The funny (or perhaps terrifying) thing is that the Warriors did a good job defending Harden... well, about as good as a team can do against the defending MVP. Throwing different looks and defenders at him, they made Harden into a high-volume shooter and limited him to just nine free throws (he made eight of them). The Warriors did just about everything that you’re supposed to do against Harden and yet he still burned them.

In addition to those 44 points, Harden also had 15 assists and 10 rebounds, his second-consecutive triple-double. Make no mistake about it, Harden is very much a part of the MVP conversation again this season. Thursday night’s performance confirmed this.

Poor decisions doom the Warriors

As is often the case in their losses, the Warriors messed around far too much, settling into some poor decision making that cost them the game. Though both Stephen Curry and Kevin Durant were big factors in the Warriors jumping out to that 20-point lead, they both made mistakes along the way that allowed the Rockets to come back and, ultimately, get the win.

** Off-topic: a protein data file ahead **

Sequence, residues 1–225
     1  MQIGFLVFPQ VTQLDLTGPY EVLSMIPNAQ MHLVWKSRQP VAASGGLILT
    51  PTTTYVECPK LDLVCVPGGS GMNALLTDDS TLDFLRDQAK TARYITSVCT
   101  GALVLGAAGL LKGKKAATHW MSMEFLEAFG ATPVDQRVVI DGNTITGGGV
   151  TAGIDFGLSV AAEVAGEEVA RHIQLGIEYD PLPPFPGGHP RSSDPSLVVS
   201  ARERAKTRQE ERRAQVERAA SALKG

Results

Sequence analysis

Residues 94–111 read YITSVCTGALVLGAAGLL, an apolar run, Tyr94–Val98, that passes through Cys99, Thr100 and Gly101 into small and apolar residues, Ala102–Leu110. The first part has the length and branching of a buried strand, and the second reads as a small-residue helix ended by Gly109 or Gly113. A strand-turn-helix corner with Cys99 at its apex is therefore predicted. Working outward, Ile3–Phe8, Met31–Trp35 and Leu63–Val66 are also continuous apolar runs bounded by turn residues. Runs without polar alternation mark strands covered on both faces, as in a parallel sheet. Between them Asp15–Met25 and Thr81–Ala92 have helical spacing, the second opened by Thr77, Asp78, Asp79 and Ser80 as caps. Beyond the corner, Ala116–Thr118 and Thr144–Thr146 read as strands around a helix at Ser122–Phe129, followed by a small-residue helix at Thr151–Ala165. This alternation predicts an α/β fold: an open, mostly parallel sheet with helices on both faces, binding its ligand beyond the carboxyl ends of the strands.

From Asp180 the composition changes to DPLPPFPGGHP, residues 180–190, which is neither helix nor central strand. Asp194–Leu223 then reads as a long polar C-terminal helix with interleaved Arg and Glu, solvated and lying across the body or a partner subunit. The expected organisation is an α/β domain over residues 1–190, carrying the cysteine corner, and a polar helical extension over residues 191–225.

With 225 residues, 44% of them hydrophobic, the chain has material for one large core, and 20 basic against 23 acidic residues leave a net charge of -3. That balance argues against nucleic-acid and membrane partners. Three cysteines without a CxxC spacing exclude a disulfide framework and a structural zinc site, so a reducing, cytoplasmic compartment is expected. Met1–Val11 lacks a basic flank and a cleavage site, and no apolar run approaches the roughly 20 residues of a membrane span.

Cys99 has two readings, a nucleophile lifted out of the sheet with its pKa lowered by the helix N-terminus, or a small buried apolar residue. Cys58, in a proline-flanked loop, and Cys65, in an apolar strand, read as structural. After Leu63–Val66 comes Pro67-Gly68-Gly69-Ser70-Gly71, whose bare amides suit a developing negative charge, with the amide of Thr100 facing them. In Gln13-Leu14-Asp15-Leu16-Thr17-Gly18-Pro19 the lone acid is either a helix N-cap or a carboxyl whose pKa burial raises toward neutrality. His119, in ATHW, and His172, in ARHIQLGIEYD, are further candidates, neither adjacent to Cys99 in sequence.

Houston Rockets v Golden State Warriors
There were some big shots from Curry but ultimately he didn’t do enough to make sure the Warriors held on for the win.
Photo by Andrew D. Bernstein/NBAE via Getty Images

Turnovers were a problem yet again, especially for Curry. All five of Curry’s turnovers came in the first half, which prevented the Warriors from really taking advantage of their great shooting and getting a lead that even the hot-shooting Rockets couldn’t overcome.

Curry was the highest-scoring Warrior player on Thursday night, finishing the game with 35 points Curry scored 7 points in the overtime period, including this three-pointer that gave the Warriors a brief four-point advantage.

Curry went 5/15 from three-point range against the Rockets, with one of those misses from long distance coming with the Warriors up three and just under a minute to go in regulation. It was definitely an instance where Curry was looking for the coup de grace and that led him to take a lower-quality shot.